“Full circle” may seem a strange name for part of a blog about Moravian Music archival and music resources, but for me it is encapsulates a personal journey.

I started working at the Moravian Music Foundation on December 1, 2014 as the Cataloging Project Manager — newly retired from Cleveland State University’s Michael Schwartz Library. I’ll tell you the story in a nutshell; the blog is intended to spin out the whole story in two paths. One path will be somewhat technical and of interest to music librarians and the other path is my personal journey from graduate student at the University of Arizona to staff member at the Foundation in Winston-Salem, North Carolina.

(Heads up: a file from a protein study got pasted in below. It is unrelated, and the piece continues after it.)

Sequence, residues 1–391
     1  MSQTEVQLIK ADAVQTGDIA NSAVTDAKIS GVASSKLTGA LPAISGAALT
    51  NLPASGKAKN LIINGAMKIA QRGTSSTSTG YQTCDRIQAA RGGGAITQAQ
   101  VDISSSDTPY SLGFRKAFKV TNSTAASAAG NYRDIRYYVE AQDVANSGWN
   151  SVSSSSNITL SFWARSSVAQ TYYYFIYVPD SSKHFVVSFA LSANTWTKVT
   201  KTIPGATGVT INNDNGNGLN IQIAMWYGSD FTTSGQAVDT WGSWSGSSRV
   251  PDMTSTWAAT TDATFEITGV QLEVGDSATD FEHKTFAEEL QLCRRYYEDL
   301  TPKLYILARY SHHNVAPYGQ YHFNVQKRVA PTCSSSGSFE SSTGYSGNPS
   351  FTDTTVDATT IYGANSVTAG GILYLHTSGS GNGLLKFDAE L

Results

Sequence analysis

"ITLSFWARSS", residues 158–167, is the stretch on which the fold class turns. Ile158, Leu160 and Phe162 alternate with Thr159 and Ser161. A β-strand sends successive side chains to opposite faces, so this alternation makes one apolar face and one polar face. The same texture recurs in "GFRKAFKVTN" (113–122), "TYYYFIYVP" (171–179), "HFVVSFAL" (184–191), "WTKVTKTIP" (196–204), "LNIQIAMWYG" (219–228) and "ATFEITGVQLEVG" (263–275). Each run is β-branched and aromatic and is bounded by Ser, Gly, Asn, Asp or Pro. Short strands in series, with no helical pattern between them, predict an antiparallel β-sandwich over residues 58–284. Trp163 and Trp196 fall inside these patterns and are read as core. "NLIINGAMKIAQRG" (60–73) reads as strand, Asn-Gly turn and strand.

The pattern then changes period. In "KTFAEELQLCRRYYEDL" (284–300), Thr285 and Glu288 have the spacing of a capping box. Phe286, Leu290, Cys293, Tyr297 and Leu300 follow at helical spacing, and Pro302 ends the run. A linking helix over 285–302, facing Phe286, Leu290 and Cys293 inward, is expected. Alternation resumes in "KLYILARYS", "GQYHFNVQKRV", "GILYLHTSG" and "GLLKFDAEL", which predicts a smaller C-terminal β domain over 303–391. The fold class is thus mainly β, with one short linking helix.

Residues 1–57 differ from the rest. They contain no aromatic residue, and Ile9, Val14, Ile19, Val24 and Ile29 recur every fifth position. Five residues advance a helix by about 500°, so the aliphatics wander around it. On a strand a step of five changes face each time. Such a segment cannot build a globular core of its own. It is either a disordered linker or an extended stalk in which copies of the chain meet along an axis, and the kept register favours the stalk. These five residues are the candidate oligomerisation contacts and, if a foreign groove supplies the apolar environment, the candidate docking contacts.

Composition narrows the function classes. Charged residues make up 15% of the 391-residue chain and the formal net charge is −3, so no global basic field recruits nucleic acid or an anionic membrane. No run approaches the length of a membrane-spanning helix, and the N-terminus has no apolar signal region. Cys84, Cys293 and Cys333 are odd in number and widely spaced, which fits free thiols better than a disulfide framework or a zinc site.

The nutshell: The beginning of the circle for me started in 1974 as a graduate student in music history at the University of Arizona. For my Master’s thesis I selected a topic in Moravian Music because it met the advice from my mentor at Arizona, Dr. James Anthony: 1) I had to have access to primary source documents and 2) it had to be a project that I could live with for a long time. From the list of topics provided by Dr. Karl Kroeger, then director of the Moravian Music Foundation, I chose to work on a small book, A register of music performed in concert, Nazareth, Pennsylvania from 1796 to 1845 (in German).  My objective was to reconstruct the extraordinary repertoire performed by the Collegium Musicum in Nazareth based on existing manuscripts in the archives at the Archives of the Moravian Church, Northern Province. I spent a significant amount of time in Bethlehem, Pennsylvania at the archives and the offices of the Moravian Music Foundation matching entries in the Verzeichniss to musical works in the archives by combing through newly minted catalog cards or earlier inventories. I say “newly minted catalog cards” because the Foundation had received a generous grant from the National Endowment for the Humanities to catalog the musical manuscripts in Bethlehem, PA and Winston-Salem, NC. So, I worked alongside Richard Claypoole and Robert Steelman. They manually produced the catalog cards for each work, describing in exquisite detail everything that could be recorded about those thousands of works. I finished the thesis, although Claypoole and Steelman had not yet cataloged the manuscripts from Nazareth.